CPAWS Manitoba Urges Mayoral and City Councilor Hopefuls to Protect Assiniboine Forest

September 28, 2022
By Mira Oberman, Director of Communications and Public Programs

More than a dozen mayoral and city council candidates, Indigenous community leaders, and the president of the Canadian Mennonite University joined CPAWS Manitoba at a press conference to discuss protecting Assiniboine Forest as a national urban park.

Assiniboine Forest is one of the largest urban natural spaces in North America with 288 hectares of aspen and oak forest, restored tall-grass prairie, and wetlands. It is home to white-tailed deer, coyote, songbirds, nesting waterfowl, and 256 species of plants. 

“This is something we’re blessed to have in the city,” CPAWS Manitoba Executive Director Ron Thiessen told reporters on Saturday, September 24, 2022.  

“It’s an accessible space. If you can get in your car, get on a bus, get on a bike, or walk you can get here in a reasonably short amount of time. It’s a real luxury to have this and it’s very important for our mental and physical well-being.”

Yet a 2/3 vote of city council is all it would take to open up the forest to development. 

“Our concern with Assiniboine Forest is that it’s unprotected from unnatural developments,” Thiessen said. 

“One only need to look at Gatineau Park outside of Ottawa, where it’s been chipped away at for years with housing developments, shopping centres and roads.” 

– We Need to Up Our Game –

The good news is that the city entered into an agreement with the federal government in 2021 to establish a National Urban Park.  That could bring federal funds to maintain and improve Assiniboine Forest. The location has not yet been determined. 

People walk on a trail in Assiniboine Forest

The city entered into an agreement with the federal government in 2021 to establish a National Urban Park. Credit: Mira Oberman

Federal funds could also be used to expand Assiniboine Forest by purchasing neighbouring undeveloped land, including a green corridor that links the forest to FortWhyte Alive, Thiessen said.

Winnipeg is currently below average compared to other Canadian cities at six per cent park space whereas the average in Canada is nine per cent.

“We certainly need to up our game in order for us to thrive as a city,” Thiessen told reporters.

“So we’re hoping the new national urban park that is Assiniboine Forest could also capture those lands along the Trans Canada Trail that leads to FortWhyte Alive,” Thiessen added. “It’s a great opportunity to expand our green space.”

Learn more about the CPAWS campaign to protect Assiniboine Forest

Read press coverage by: 

The Winnipeg Free Press

CBC News

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Global News

Kyle Mason, an Indigenous community leader who is among the founders of the Kapabamayak Achaak Healing Forest in St. John’s Park, offered his support for protecting a “beautiful space” that he enjoys exploring with his young son.

Kyle Mason expresses his support for protecting Assiniboine Forest as a national urban park

Kyle Mason expresses his support for protecting Assiniboine Forest as a national urban park at a CPAWS Manitoba press conference on September 24 2022. Credit: Riley Martin.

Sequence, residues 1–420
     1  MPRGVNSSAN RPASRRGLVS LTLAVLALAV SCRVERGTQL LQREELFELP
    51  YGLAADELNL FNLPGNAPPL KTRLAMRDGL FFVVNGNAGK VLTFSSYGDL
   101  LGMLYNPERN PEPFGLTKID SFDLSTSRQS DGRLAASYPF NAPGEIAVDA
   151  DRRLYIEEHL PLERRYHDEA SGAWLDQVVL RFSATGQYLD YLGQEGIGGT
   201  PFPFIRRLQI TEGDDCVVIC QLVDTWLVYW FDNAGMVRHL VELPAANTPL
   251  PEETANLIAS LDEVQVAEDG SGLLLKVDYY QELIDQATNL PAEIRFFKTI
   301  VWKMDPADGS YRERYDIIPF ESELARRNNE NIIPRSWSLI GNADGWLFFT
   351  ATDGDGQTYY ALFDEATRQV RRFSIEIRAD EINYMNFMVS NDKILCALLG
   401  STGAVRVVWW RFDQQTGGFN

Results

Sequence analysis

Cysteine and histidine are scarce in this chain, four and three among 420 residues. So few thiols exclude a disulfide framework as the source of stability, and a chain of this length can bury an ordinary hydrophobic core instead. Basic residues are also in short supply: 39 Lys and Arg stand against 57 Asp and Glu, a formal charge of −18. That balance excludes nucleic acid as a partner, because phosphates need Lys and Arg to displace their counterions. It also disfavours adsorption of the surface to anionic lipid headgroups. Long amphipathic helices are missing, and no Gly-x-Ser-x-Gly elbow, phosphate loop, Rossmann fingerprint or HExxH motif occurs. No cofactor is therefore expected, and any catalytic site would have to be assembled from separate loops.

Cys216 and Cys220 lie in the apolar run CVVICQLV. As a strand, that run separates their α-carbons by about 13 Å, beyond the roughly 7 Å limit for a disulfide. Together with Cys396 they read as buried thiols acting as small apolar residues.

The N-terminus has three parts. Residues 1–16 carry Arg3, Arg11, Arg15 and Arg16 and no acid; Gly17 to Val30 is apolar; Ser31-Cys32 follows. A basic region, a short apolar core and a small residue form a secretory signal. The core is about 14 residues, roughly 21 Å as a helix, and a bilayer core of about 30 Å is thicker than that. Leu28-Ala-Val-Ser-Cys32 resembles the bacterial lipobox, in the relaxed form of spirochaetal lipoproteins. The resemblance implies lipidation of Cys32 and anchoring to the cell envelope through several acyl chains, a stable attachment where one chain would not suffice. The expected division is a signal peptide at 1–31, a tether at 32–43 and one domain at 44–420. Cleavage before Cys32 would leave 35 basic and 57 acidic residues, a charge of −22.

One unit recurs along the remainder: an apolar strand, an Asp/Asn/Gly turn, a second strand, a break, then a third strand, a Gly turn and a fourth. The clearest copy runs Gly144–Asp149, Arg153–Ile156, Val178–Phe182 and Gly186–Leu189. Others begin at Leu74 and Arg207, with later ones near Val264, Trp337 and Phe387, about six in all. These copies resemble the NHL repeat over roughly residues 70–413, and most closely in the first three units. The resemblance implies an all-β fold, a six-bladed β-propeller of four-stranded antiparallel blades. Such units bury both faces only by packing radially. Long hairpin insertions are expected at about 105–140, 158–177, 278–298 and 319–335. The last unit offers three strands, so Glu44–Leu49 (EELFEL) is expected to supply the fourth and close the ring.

“I am absolutely and enthusiastically in support of having this space become a national park. Having protected spaces to offer generation after generation is absolutely vital,” Mason told reporters.

“I really do hope the next council and the next mayor really makes it a priority and doesn’t just pay lip service to the idea but actually puts it into their agendas, in their platforms.”

Canadian Mennonite University President Cheryl Pauls spoke about how much the forest contributes to her students, and to the community at large.

“You’ll find students finding health and wellness friendship, as well as many others in this community and people who come far distances to be able to walk and bike in this park,” Pauls told reporters. 

“As incredibly fortunate neighbours, CMU strongly endorses this,” Pauls added. “We look forward to this ongoing momentum of so many partners coming together to protect this and to create greater reconciliation with all creatures and greater health for all.”

A group of people walk along the boardwalk in Assiniboine Forest

135 people registered for a group hike in Assinniboine Forest after the press conference. Credit: Mira Oberman

Elder Barb Nepinak opened the meeting with a blessing. Some 135 people registered for a group hike which followed the press conference.

CPAWS is urging Winnipeggers to contact all 11 mayoral candidates to encourage them to protect Assiniboine Forest as a national urban park. You can take action here.

All candidates for mayor and the two closest wards were invited to participate in the press conference. 

The following candidates spoke at the press conference. Their statements can be viewed on our Vimeo page.

Mayoral Candidates

  • Idris Adelakun
  • Rana Bokhari 
  • Chris Clacio
  • Jenny Motkaluk 
  • Shaun Loney 
  • Robert Falcon Ouellette
  • Rick Shone 

City Council Candidates for Charleswood-Tuxedo-Westwood: 

  • Evan Duncan 
  • Brad Gross
  • Gordon Penner 

City Council Candidate for River Heights-Fort Garry: 

  • Brandt Field 

Help Keep Manitoba Wild


CPAWS Manitoba has helped establish 23 parks and protected areas thanks to people like you.

With your help, we can protect half our lands and waters for future generations of people and wildlife.